The piano-charged lead track ‘Scatter Me’ explores mortality and the inevitability of returning to the mere building blocks of the universe while still remaining part of the landscape you spent your life in. The underlying message of the song is underlined by a tasteful video by Laima Bite. “When you get to 62 there’s melancholy all around and you have to try and beat it away with a stick. I think it is sort of a bittersweet sensation, tinged with sadness but also upbeat as well,” says Moulding.
‘Comrades of Pop’ conveys words of warning to young musicians, while the more rocking ‘Kenny’ regrets children losing their playgrounds to urban development. On ‘Greatness’, Moulding fearlessly reveals still-burning aspirations to reach the heights of Churchill, Hitchcock, Spielberg, Gershwin, and McCartney.
XTC was founded in 1972, but it wasn’t until 1979 that XTC had their first UK chart single. Moulding had written the first three charting singles (‘Life Begins at the Hop’, ‘Making Plans for Nigel’, and ‘Generals and Majors’). Chambers left the lineup in the 1980s, while Moulding continued his partnership with frontman Andy Partridge through the group’s 2006 dissolution.
About “Great Aspirations”
The TC&I release is well timed with the broadcast of the much anticipated eye-opening XTC documentary ‘This Is Pop’ about the history and legacy of the group, which looks at XTC and their journey from mercurial pop outsiders to full-blown national treasures and one of Britain’s most influential yet unsung bands. Renewed interest in XTC is also due, in part, to a campaign that former bandmate Andy Partridge has undertaken to reissue the bulk of their back catalog.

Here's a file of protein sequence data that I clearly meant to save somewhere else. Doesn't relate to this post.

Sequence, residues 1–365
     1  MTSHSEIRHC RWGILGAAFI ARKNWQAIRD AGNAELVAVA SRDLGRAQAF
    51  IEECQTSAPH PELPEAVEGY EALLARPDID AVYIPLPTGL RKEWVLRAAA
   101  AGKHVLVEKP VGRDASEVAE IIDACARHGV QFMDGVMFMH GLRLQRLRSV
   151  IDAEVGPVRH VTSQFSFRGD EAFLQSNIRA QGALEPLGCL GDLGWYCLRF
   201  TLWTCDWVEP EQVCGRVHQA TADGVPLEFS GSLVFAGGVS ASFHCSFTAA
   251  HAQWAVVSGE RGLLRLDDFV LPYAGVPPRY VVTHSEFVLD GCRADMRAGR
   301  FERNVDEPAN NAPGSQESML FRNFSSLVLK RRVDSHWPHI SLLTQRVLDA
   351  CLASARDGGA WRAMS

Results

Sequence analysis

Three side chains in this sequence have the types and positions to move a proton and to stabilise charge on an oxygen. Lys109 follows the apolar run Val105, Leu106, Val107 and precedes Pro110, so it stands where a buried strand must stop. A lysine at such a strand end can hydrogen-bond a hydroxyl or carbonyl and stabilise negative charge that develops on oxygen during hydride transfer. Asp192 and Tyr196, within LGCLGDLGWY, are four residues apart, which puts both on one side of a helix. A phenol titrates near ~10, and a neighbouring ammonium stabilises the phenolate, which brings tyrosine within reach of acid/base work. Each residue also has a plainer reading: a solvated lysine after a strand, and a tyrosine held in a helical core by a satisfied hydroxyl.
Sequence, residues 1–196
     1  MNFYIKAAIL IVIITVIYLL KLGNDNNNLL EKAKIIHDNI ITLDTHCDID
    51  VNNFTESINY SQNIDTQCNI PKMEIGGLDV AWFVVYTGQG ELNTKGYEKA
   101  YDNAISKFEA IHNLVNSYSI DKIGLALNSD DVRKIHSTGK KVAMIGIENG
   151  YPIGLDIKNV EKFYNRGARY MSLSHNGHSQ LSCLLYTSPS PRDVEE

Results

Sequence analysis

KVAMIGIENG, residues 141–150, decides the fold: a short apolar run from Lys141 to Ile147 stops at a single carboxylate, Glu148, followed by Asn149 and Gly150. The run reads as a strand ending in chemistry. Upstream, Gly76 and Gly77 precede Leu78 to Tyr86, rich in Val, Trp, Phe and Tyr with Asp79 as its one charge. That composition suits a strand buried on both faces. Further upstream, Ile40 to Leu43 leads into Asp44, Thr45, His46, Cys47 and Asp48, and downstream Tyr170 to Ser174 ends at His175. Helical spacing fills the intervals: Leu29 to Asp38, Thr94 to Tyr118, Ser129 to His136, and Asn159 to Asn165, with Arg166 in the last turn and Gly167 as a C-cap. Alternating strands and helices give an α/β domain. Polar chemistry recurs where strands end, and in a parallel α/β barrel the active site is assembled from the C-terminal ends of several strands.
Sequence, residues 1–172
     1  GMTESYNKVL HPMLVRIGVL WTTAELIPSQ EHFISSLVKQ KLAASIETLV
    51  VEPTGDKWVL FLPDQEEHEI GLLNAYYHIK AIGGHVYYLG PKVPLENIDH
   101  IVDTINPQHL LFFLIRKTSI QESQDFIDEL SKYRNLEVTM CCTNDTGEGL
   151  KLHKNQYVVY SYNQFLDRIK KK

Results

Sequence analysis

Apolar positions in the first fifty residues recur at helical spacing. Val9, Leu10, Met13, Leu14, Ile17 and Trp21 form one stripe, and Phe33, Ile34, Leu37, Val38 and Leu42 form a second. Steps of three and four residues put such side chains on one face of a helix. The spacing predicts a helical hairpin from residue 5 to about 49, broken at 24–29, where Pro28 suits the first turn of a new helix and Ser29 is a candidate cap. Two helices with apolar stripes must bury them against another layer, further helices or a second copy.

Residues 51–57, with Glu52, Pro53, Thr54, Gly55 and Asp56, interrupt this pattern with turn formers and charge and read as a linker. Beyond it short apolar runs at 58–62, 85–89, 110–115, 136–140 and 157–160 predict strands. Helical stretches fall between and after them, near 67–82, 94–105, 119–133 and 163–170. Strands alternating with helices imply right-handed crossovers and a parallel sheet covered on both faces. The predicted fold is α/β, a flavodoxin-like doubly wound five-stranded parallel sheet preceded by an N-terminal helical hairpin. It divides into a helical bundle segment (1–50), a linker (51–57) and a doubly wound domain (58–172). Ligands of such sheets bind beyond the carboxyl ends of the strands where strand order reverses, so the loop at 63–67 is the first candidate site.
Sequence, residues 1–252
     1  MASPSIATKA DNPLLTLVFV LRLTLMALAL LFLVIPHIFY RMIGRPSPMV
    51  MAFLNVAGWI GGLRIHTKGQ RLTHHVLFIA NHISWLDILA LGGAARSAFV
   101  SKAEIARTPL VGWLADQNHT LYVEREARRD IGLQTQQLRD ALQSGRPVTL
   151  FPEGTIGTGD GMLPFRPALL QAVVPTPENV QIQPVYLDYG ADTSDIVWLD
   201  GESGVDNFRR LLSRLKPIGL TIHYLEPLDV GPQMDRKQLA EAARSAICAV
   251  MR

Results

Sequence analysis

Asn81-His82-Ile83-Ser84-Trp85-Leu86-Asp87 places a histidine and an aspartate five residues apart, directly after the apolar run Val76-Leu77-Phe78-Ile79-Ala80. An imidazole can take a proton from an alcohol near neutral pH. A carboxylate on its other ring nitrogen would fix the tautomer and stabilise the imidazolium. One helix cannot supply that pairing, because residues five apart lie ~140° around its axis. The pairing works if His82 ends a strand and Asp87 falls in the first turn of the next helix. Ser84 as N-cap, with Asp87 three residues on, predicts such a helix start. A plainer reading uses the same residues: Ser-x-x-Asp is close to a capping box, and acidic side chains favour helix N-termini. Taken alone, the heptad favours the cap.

“I think the word is out. It’s taken a bloody long time, but I think people are catching up and appreciating what we did,” says Colin Moulding.
Released at the end of 2017, ‘Great Aspirations’ is available exclusively through Pledge Music and Burning Shed. Fans can choose between signed and unsigned copies on CD. Fans can expect a new video for ‘Greatness’ in the near future.
Drums, percussions and backing vocals: Terry Chambers
Guitars, basses, keyboards and lead vocals: Colin Moulding
Saxophone and trumpet on ‘Kenny’ and ‘Scatter Me’: Alan Bateman
Farfisa organ and ornate tinkling on ‘Scatter Me’: Mikey Rowe
Soprano voice on ‘Scatter Me’: Susannah Bevington
All songs written by Colin Moulding. Arrangements by TC&I.
Produced by TC&I. Mixed by Stuart Rowe. Recorded and engineered by TC&I.
Further recording of drums and horns at Earthworm Amber Studios, Swindon.
Engineered by Jon Bucket with the assistance of Pete Hewington.
Mastered by Jason Mitchell at Loud Mastering
Photography By Geoff Winn. Design by Andrew Swainson from a concept by TC&I.
Manufactured by Media Plant, Swindon, UK.